- The Washington Times - Thursday, February 9, 2006

Full disclosure

“Before proceeding with this week’s column, please be advised of the following: I have not received any money from Jack Abramoff, and I am giving it back. Further, to the best of my knowledge, and based upon an intensive and thorough self-investigation, I have not received any money from Jack Abramoff’s clients, and I am returning that, too.

“Further, lest there be any doubt regarding my moral scruples, let me make clear that Jack Abramoff is a scoundrel who deserves to be prosecuted to the fullest extent of the law, if not beyond, and whose name should be reviled by future generations until the end of time, if not thereafter.

“Let the record show that I am the first journalist to make this type of disclaimer. No other journalist has yet demonstrated my level of moral scruple in this matter. Let the record also show that my condemnation of Jack Abramoff is second to none, and that no one in the journalistic community believes more firmly than I that Jack Abramoff is a scoundrel whose actions are dismaying and deplorable. You can quote me on that.”

Jonathan Rauch, writing on “Abramoff and Me: The True Truth,” in the Feb. 4 issue of National Journal

Safe and fast

“Does the act of driving faster than a number posted on a sign necessarily mean you are driving dangerously?

“The self-styled (and self-appointed) safety lobby has for decades asserted that ‘speed’ always and necessarily ‘kills.’ …

“Lawful highway speeds in many states today are 10-15 mph higher than they were during the 20-year regime of the 55 mph ‘double nickel’ speed limit. Yet highway accident and fatality rates have gone down, not up. …

“In fact, our roads are safer today than they have ever been … even though we’re driving much faster than we used to. …

“The systematic fleecing of motorists has … opened a rift between otherwise law-abiding Americans and the police — who have become enforcers of a corrupted set of laws whose main purpose is clearly the generation of large sums of ‘revenue’ for state and local governments, not the enforcement of highway safety.”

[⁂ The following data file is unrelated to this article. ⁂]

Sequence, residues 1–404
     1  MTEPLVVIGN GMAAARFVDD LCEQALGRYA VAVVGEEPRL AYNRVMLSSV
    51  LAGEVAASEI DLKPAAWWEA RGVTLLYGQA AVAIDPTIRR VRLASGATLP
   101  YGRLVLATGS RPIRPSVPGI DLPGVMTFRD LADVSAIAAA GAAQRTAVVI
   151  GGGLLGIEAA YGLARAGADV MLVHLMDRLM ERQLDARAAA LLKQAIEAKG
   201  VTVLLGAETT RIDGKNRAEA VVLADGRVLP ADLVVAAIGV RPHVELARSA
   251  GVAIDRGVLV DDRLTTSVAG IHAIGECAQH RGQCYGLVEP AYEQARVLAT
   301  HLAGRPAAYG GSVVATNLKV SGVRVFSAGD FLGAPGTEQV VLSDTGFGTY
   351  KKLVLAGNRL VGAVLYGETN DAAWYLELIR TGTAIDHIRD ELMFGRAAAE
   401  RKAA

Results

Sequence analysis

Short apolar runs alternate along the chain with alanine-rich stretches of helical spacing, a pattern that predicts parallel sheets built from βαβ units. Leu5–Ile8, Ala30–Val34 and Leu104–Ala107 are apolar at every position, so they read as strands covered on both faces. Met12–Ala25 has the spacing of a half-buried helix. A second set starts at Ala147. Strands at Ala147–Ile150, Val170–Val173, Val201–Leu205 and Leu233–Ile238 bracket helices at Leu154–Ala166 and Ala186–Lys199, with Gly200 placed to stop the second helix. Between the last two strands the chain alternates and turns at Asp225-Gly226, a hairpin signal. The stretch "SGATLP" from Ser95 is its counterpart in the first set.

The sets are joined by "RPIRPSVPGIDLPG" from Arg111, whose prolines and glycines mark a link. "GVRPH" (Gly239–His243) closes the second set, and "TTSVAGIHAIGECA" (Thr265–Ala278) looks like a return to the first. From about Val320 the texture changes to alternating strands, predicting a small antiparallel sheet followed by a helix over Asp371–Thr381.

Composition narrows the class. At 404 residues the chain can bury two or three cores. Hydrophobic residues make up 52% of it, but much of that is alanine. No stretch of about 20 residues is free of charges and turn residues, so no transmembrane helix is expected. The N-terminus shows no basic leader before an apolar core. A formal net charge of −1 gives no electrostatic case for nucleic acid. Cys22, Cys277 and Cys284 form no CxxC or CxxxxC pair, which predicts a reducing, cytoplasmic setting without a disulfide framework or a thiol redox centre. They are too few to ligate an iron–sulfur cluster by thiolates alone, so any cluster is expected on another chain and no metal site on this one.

Eric Peters, writing on “Does Speed Really Kill?” in the February issue of the American Spectator

Validating critics

“Uproars over criticism of radical Islam almost always follow the same ironic trajectory. First, someone makes an observation about the violent character of Mohammed or Islam. Then what follows? Violent protests and rioting, which serve to illustrate and confirm vividly the criticism that occasioned them.

“Only radical Muslims would consider rioting a rational rebuttal to descriptions of Islam as violent. What other religious group riots or issues death threats after it is criticized? It is precisely because Christianity is so tame that Western liberals often feel safe to lampoon its history as violent. They wouldn’t dare level similarly harsh criticism of Islam.

“One of the unstated reasons for hesitating before calling radical Islam violent — the reason the fog of political correctness thickens around it — is that it does contain elements of violence. Western society falls silent lest its criticism of Islam result in an explosion of anger validating the criticism.”

George Neumayr, writing on “Religion of Peace’ or Riots,” Monday in National Review Online at www.nationalreview.com


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